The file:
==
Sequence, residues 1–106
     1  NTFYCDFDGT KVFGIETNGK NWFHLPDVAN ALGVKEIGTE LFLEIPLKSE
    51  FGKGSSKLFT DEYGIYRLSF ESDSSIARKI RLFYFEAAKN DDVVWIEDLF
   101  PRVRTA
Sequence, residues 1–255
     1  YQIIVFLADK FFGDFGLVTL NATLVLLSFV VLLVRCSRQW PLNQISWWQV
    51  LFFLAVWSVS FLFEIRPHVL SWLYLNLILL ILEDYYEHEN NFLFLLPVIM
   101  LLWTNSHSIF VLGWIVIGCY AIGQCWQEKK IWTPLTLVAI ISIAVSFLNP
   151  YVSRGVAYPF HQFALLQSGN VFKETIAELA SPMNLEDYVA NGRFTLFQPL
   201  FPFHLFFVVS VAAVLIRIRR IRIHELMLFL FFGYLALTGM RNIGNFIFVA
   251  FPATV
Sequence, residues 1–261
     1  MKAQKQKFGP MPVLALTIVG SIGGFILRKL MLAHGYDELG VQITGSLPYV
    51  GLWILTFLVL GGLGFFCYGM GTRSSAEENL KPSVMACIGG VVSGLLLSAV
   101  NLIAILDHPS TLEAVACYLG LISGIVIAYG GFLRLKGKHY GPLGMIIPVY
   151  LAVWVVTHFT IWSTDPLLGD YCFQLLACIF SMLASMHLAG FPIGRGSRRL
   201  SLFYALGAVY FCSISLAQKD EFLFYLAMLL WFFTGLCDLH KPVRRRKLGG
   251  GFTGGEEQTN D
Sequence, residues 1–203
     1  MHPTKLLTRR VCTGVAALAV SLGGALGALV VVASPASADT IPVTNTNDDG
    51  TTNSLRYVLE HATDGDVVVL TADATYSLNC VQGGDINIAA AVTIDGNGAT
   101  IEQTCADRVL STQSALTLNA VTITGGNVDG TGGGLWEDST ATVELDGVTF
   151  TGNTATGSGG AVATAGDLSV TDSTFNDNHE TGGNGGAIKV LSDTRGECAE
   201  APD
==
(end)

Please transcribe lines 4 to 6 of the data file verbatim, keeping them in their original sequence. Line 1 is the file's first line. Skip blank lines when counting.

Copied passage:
   101  PRVRTA
Sequence, residues 1–255
     1  YQIIVFLADK FFGDFGLVTL NATLVLLSFV VLLVRCSRQW PLNQISWWQV